If you’re looking into buying a condominium in Toronto, you may be weighing the pros and cons of purchasing pre-construction or resale. We’ve laid out the benefits and disadvantages of each scenario—but you can always reach out to our team so we can help you find the best fit for your needs.
Buying a pre-construction condo
If you buy a pre-construction condominium, it means the building and unit aren’t finished yet—and sometimes construction hasn’t even started. Basically, you can reserve the unit and ownership is transferred to you upon completion of development.
- You can customize your space. If you want to be able to choose how your home will look—such as the layout, colours, finishes, and appliances—purchasing pre-construction gives you that opportunity.
- Take your time saving your down payment. Pre-construction deposits are spread out over a long period of time. You could have a year to come up with the down payment as a result, and you won’t have to worry about the price of the unit increasing during that time.
- You could save money. Though there’s no guarantee, pre-construction condos can be a good investment in the long-term, as the pre-sale price is usually less than current resale condos.
- The waiting game. When you buy before the building has even broken ground, it will likely take years before it is completed and ready for you to move in. Although builders provide an estimated occupancy date, delays are inevitable – everything from weather to availability of materials or skilled labour can delay the occupancy date.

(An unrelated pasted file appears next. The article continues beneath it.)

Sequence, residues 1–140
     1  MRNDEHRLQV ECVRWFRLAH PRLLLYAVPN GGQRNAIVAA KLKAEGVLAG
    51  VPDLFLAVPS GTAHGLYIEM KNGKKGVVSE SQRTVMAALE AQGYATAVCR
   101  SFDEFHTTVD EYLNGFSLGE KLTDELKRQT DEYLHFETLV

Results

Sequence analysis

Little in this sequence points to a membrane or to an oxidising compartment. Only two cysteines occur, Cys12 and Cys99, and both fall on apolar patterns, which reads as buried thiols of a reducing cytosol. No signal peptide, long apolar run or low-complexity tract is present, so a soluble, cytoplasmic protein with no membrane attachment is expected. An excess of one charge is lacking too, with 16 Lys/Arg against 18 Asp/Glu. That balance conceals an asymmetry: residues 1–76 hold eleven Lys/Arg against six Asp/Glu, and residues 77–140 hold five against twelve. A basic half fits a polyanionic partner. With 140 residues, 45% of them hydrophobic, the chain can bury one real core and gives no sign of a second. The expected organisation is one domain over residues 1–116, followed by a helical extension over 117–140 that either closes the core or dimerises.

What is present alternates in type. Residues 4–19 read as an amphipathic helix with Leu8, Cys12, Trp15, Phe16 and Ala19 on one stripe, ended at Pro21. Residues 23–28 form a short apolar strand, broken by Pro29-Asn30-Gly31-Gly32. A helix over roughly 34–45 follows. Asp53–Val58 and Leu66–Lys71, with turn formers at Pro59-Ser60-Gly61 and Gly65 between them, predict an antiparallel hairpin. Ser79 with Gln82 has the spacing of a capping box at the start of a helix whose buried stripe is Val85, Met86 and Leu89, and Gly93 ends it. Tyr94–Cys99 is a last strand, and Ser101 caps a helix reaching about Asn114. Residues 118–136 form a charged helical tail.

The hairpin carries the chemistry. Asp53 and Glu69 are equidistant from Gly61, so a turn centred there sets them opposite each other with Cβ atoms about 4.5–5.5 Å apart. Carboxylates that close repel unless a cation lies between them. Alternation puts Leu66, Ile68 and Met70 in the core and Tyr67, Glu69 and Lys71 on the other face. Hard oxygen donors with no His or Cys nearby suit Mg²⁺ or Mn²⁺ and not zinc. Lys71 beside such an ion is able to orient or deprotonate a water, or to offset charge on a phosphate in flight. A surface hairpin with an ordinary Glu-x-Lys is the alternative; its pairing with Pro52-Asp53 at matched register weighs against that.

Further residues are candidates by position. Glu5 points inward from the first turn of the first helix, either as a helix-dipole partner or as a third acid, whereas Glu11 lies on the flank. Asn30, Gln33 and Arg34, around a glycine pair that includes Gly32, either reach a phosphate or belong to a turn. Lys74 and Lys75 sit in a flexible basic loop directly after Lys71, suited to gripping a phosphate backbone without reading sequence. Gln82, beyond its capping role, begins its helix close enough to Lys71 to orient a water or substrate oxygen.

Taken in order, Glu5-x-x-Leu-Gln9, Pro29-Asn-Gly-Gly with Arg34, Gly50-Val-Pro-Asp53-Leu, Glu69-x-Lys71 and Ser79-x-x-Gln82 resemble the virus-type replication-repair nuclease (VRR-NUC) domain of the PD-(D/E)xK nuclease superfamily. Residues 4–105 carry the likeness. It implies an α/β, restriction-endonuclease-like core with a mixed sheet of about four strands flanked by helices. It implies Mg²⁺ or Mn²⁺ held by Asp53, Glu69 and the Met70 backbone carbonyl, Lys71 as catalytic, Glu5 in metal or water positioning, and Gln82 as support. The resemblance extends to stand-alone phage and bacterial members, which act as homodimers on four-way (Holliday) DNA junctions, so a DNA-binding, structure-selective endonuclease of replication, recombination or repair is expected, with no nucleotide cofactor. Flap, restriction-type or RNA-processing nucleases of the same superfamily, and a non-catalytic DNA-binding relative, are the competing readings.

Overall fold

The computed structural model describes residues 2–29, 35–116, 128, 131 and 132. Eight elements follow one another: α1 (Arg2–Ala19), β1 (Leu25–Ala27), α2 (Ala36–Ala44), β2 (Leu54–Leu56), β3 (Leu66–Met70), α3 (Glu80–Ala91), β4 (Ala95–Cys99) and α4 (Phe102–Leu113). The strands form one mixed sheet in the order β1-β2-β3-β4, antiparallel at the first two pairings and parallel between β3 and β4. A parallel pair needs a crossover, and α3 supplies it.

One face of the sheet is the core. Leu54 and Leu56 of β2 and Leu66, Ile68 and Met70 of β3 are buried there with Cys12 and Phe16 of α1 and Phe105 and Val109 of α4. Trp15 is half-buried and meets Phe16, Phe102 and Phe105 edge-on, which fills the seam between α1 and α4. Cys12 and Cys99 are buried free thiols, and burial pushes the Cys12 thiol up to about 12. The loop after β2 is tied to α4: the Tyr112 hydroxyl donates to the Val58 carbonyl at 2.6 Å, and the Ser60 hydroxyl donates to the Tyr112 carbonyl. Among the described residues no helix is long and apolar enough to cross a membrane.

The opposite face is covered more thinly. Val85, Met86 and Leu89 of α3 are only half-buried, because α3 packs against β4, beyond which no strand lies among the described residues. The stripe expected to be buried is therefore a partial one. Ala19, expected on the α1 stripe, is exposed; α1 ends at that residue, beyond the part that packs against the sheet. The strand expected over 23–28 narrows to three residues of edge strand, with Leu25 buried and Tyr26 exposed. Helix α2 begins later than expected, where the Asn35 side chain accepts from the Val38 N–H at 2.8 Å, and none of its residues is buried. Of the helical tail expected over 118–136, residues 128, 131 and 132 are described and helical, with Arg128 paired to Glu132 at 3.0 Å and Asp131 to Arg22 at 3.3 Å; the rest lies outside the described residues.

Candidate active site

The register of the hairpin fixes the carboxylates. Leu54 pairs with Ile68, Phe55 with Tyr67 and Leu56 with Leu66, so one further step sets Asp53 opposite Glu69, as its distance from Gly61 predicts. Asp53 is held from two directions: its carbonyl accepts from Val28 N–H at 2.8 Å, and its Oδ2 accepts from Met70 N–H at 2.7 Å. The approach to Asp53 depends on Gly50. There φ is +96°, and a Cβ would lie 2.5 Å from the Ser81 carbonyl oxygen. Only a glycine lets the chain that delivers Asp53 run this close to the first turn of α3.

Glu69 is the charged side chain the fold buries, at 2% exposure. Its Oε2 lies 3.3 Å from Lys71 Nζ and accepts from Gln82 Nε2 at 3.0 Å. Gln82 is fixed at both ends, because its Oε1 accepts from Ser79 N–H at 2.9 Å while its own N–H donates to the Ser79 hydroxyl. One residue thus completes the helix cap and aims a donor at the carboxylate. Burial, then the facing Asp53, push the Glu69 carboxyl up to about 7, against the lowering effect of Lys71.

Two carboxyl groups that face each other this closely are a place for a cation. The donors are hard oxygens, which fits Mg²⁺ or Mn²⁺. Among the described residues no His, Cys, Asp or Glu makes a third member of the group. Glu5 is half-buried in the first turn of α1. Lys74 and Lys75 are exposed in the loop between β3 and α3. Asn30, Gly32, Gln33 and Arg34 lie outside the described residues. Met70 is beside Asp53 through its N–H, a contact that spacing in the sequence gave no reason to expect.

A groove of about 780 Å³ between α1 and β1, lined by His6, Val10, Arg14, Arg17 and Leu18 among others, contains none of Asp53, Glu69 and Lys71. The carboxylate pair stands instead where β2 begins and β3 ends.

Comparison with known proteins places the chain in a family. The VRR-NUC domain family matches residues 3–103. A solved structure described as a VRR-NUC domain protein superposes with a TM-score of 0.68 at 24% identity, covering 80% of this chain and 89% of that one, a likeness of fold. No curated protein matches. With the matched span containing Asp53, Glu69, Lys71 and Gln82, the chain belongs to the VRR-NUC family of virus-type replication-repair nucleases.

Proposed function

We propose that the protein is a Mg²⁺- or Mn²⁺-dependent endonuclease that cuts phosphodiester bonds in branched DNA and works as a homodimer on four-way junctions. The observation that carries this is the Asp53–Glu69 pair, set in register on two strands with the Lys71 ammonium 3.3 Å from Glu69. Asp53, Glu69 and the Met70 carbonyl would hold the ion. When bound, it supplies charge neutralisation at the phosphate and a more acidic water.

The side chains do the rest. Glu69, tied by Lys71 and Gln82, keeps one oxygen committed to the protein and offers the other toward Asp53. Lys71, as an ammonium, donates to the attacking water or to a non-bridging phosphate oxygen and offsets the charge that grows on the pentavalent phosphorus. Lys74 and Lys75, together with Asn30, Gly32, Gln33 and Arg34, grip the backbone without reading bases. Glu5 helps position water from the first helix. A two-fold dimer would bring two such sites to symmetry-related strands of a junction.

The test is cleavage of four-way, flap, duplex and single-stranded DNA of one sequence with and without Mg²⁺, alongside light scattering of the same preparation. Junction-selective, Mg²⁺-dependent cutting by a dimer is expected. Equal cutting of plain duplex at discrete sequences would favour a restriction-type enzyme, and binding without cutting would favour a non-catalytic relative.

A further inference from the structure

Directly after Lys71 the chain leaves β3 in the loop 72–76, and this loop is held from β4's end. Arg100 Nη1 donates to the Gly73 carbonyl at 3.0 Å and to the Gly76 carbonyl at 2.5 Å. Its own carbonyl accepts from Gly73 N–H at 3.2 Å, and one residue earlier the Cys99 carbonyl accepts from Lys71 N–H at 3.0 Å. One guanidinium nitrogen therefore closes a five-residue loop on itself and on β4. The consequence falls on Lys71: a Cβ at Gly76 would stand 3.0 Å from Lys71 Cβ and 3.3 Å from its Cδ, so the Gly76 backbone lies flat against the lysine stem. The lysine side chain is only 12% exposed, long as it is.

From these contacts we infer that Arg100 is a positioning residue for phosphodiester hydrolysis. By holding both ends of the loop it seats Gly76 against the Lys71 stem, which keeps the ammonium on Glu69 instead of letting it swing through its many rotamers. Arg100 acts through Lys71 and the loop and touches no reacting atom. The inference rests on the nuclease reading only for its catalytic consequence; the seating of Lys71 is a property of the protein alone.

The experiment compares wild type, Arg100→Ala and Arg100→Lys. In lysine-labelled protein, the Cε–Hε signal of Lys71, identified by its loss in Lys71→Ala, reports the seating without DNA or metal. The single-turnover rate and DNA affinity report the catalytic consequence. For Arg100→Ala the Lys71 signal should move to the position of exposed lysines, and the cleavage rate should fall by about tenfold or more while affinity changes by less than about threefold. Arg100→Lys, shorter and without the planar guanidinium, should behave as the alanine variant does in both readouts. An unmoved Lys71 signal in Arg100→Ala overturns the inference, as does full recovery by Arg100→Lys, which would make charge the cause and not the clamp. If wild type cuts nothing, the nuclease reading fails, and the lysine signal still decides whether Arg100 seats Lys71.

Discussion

- Phantom Mortgage. Once the building is finished and you get occupancy, there is some time until it is legally registered as a condo corporation. During this time the ownership cannot be transferred to individual owners. That means you can’t start paying your mortgage. What you end up paying are occupancy fees, which go to the builder and not towards your mortgage.
Buying a resale condo
A resale condo is built and ready for you to move in. Often, you’re purchasing it from previous owners.
- You get to see the unit. If you don’t like purchasing anything sight unseen, resale may be the better option for you. You can walk through and see what it looks like, how big or small it feels, and get a sense of the layout in real life.
- Move sooner—and know when. As with most home sales, you can negotiate a firm closing date so you know exactly when to plan your move.
- You can’t customize it. With a resale condo, what you see is what you get. If the carpets need replacing, the bathroom needs updating, you’ll need to factor in the expense (and trouble) of repairs when determining your purchasing budget. On the other hand, a renovation is always something you can undertake in the future if it’s something you can live with for a while.
- The price isn’t set. As with most home sales, the asking price is just a starting point—buying resale means there’s potential for a bidding war.